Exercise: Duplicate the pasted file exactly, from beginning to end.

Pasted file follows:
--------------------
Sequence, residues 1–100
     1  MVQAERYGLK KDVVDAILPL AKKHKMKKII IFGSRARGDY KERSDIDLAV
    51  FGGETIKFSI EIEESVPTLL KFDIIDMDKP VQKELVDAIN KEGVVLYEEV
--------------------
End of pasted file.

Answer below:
Sequence, residues 1–100
     1  MVQAERYGLK KDVVDAILPL AKKHKMKKII IFGSRARGDY KERSDIDLAV
    51  FGGETIKFSI EIEESVPTLL KFDIIDMDKP VQKELVDAIN KEGVVLYEEV